Essay on Most Important Role Of Euphemisms In Modern Society

Modern Use of Euphemisms Code switching, lying, and slang play important roles in how people interact with one another. As society moves into a more technological age, the way humans interact with each other changes drastically. The most important areas in which code changing plays its role would appear in how people, particularly teenagers, interact with parents, friends, and teachers. As they “are milder or less abrasive form of a negative description instead of its original, unsympathetic form” (literarydevices. om), euphemisms have become the most dominant and popular form of code switching.

Euphemisms, a form of code switching, play the most important role in how people interact with other people; they acts as the base of all social interactions and should not have a negative label. Playing an important role all throughout society, euphemisms commonly appear while interacting with 3 certain types of people; teenagers, advertisers, and people explaining their job titles. These people learn to perfect the skill and use it to interact with others in a very specific way.

When a child begins the transition into their early teen years begins the period in which a person learns and masters the skill of code switching occurs during his or her teenage years because he or she has the constant need to change the code he or she uses. To set up an example: when teenagers have a plan to attend a gathering of teens they will talk to their friends about what the plans for the gathering in descriptive details but when he tells his parents the plans for the night he will leave out or avoid factors such as hether or not parents stay at the house or whether or not people have plans to consume alcoholic beverages while underage.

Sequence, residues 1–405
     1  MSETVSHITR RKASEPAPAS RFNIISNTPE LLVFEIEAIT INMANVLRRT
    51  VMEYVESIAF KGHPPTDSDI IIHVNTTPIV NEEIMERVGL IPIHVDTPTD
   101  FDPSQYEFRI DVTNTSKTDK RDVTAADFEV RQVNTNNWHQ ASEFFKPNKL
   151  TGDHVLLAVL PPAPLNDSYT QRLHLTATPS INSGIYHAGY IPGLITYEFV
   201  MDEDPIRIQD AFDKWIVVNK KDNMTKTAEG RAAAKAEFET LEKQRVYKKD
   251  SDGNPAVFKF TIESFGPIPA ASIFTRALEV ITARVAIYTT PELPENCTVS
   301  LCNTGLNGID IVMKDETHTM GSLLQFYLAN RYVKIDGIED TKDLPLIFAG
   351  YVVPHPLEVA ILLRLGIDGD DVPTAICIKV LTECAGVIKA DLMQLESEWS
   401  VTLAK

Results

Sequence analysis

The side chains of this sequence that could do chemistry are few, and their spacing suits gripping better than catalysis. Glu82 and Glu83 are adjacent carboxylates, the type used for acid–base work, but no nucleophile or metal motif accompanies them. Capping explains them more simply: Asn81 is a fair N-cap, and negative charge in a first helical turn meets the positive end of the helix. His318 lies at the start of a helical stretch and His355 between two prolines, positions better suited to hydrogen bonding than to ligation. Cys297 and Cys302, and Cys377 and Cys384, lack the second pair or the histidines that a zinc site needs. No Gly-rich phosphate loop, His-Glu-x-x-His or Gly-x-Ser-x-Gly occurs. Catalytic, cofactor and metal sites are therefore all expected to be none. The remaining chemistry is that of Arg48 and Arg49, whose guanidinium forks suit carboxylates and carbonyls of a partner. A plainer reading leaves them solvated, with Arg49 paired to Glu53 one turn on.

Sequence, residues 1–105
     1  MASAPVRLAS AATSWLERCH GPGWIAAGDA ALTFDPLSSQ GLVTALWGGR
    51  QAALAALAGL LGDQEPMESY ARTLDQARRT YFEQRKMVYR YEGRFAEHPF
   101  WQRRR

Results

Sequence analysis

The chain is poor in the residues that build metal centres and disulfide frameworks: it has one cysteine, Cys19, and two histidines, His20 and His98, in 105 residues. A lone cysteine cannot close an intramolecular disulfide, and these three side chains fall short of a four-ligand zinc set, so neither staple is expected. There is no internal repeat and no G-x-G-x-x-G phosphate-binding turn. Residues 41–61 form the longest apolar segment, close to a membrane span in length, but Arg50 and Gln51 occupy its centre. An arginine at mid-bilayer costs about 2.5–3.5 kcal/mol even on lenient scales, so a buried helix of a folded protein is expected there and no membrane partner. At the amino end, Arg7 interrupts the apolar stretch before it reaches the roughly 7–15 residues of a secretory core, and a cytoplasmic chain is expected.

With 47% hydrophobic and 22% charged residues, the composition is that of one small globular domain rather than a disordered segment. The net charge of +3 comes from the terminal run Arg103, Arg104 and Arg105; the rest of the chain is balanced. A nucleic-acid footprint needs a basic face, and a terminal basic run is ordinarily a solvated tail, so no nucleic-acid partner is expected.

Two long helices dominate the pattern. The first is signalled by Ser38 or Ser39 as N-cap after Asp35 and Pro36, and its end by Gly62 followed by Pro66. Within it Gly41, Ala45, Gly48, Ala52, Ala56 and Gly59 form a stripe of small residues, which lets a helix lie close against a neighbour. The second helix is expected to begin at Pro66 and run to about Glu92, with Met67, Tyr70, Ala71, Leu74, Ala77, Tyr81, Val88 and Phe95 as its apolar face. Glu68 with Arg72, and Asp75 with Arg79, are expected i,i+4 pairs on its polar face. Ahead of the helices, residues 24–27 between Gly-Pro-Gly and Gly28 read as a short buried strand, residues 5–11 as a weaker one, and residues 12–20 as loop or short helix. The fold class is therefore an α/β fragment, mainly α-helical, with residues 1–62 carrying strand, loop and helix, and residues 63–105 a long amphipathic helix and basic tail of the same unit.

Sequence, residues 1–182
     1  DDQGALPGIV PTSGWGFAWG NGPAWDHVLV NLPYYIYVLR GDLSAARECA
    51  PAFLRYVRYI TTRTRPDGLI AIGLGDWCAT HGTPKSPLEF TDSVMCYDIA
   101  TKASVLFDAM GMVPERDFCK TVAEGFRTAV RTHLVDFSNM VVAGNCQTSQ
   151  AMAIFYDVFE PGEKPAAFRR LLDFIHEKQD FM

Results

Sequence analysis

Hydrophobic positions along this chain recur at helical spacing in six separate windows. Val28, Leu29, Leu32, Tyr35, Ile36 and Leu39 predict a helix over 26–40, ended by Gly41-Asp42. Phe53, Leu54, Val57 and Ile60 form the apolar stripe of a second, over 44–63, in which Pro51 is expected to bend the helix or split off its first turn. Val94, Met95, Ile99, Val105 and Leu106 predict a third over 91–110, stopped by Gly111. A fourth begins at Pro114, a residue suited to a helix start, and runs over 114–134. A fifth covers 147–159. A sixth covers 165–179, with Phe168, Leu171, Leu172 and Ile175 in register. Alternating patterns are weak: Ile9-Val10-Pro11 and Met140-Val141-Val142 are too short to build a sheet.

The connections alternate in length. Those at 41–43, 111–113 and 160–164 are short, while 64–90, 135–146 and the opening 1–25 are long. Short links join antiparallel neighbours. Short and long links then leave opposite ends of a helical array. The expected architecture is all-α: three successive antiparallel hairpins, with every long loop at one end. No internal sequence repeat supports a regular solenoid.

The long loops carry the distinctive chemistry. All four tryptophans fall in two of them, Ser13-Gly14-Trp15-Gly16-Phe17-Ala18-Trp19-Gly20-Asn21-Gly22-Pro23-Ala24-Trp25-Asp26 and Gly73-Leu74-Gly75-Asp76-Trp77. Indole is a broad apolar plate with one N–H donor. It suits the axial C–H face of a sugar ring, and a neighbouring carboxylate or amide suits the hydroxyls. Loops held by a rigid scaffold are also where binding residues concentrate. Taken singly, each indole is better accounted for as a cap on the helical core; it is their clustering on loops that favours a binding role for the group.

After the party ends parents may ask “how was the party” and the teenager will typically answer with a short, one word answer, also known as a dysphemism, such as “fine” or “uneventful. ” In a circumstance in which a teenager discusses the party with a friend he will provide a great amount of detail to portray the party as this incredibly active gathering of teens.

A similar situation occurs in the media while interviewing eyewitnesses of a major event. In Method and Objects for Inquiry, a short insight on how the media chooses who its will interview, written by Sandra Silberstein, the 9/11 attacks become the main focus of the story. Roth, the reporter, finds a woman named Colleen who gives an action packed story, including a dramatic scene in which “a woman [is] on the ground with her baby, people were stampeding the baby” (Silberstein), that covers the majority of what she experience, like a teenager talking to a close friend.